We have some training to do. We’ll keep asking questions and improving.

The good news is that we’re all pulling in the same direction. And we have a lot of talent. I can work with that.

Print and Online stories, Aug. 1-4

Print:

Best things:

 Love the Page 1 portrait by Shay. Nice background and beautiful light.

 

Matt’s Fab Lab story was interesting and tells us more than the obvious about the program’s Central Library expansion.

 

Destine’s lede on the Pokemon story hit just the right tone and told us what the story was about: “Catch ‘em all, safely.”

 

Zahraa also wrote a nice lede on her eyebrow story in Life: “Thick brows are growing on most people.” Equally clever headline by Cody: “Tattoos are raising brows.”

 

The columns were heartfelt and each represented a side of the people who wrote them, Christian on her Hillary Clinton “Glass Ceiling” and Cody on “Gaming rage.” Both were topical and captured the voice of the two who wrote them.

 

Selby did a solid job on his update on the new stadium proposal. He found two UTA sources, a former employee and a former mayor who teaches here, to show both sides of the financial debate. It took some reporting to track down at least one source, including leaving a note at her house. But it worked. As much as we love technology, it only gets us so far in our reporting.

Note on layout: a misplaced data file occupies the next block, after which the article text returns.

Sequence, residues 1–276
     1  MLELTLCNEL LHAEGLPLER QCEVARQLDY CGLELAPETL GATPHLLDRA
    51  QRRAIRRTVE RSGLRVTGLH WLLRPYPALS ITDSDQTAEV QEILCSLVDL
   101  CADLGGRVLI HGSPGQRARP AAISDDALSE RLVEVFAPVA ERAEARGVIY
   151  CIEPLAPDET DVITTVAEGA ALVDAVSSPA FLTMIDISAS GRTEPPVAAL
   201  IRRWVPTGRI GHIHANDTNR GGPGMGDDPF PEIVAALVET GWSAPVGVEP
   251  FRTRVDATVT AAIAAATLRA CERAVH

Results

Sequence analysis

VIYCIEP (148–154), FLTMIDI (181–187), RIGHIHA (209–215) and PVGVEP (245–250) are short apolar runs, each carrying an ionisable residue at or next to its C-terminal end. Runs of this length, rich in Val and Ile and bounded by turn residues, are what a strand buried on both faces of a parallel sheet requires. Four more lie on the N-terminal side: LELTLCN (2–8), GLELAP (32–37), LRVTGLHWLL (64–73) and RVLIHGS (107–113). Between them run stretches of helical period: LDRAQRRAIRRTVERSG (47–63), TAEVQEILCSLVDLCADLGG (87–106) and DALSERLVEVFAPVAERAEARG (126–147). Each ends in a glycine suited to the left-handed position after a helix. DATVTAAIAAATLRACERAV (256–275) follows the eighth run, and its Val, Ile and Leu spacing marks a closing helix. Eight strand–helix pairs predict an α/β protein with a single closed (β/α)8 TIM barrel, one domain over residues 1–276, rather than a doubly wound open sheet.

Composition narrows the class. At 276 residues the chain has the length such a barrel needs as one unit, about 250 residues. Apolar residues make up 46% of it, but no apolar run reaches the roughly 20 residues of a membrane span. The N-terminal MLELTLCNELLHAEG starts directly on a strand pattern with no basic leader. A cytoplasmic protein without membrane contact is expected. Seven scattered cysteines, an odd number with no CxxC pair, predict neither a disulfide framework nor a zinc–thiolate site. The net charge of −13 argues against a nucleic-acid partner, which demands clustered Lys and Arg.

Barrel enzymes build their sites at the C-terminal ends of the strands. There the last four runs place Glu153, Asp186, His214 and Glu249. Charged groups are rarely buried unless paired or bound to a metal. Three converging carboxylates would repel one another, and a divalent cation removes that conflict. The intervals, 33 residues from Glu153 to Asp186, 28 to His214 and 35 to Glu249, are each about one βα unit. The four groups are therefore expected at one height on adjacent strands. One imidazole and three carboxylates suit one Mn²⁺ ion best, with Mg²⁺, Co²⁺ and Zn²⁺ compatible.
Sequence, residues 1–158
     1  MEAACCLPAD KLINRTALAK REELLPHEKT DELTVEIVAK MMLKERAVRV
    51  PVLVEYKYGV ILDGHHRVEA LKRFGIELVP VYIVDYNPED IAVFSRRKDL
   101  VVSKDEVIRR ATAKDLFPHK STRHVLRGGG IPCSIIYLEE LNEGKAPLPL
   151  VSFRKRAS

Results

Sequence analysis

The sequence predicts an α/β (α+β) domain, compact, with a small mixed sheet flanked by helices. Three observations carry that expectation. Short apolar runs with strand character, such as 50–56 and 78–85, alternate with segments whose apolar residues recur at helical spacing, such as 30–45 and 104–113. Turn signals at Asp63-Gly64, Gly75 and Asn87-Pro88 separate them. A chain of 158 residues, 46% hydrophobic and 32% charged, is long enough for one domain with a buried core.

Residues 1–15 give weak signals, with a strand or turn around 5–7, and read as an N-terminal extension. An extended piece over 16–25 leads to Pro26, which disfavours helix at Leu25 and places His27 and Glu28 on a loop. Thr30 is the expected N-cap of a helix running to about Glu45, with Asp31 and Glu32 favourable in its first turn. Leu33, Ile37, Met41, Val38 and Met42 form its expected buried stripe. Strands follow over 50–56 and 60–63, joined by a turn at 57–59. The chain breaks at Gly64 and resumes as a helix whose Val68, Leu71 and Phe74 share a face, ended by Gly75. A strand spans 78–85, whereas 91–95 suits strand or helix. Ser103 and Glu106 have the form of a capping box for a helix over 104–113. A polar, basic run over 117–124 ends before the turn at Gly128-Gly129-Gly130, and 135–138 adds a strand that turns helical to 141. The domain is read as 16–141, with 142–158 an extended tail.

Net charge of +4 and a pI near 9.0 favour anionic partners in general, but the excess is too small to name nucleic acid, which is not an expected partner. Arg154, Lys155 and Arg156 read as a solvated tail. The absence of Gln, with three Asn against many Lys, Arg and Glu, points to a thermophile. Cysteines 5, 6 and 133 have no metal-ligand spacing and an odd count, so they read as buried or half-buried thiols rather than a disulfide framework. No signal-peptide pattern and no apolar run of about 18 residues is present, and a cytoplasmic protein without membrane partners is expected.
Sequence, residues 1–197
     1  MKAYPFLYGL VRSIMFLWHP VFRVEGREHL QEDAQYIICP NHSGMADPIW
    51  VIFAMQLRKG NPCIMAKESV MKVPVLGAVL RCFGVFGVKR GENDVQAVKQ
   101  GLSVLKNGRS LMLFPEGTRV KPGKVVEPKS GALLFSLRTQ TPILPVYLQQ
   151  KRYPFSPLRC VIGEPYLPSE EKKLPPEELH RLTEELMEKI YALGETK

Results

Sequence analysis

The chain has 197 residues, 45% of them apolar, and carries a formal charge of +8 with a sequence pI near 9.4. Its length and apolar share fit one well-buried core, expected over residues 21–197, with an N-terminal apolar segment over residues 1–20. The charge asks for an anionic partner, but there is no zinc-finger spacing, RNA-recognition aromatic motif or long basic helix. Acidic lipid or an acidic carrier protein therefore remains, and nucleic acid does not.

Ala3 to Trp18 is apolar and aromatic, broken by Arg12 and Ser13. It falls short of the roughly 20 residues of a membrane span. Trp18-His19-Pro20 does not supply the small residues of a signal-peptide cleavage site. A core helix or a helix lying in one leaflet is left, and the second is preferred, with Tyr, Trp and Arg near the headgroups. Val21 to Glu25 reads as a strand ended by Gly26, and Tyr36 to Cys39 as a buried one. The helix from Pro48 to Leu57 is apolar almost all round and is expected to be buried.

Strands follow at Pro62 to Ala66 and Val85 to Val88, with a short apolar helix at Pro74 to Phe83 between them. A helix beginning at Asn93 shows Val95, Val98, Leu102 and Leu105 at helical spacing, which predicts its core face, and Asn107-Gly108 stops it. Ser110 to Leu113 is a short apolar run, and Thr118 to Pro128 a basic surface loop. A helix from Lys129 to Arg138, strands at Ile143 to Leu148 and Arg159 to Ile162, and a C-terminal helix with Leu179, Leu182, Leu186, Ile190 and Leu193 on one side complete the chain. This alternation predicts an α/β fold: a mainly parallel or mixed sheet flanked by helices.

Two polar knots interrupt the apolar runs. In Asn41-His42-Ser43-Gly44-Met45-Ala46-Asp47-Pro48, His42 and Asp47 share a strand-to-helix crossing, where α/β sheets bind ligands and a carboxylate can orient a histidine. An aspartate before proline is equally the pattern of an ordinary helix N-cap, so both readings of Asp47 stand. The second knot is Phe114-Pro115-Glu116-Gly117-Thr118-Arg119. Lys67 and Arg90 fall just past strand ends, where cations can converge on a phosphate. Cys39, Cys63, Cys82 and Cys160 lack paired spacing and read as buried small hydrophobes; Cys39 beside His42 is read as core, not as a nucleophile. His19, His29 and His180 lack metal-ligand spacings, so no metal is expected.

Needs improvement

 

The Medal of Valor story of the heroic UTA officer suffered from a misspelling of his name midway through the story. We need to check and re-check our subject’s names, no matter how many times we use it. Get a system, both reporters and editors, to make sure names are consistently spelled correctly throughout the story.

 

The faculty member studying transfer students was an interesting story but not in the way that it was reported and written. It didn’t have enough sources and it should have been written about the research itself, not the fact that she received money to study something. What the research is about is always more interesting. We need to improve across the board on this.

 

The Arboretum story contains a quote that is just flat-out marketing-speak. “It’s a great time of year to take advantage of one of Trip Advisor’s top-rated venues in Dallas,” Lendecker said. “Enjoy the Gary Lee Price Bronze Sculpture Exhibit and Dallas’ #1 rated “Pokémon Go” site in Dallas.”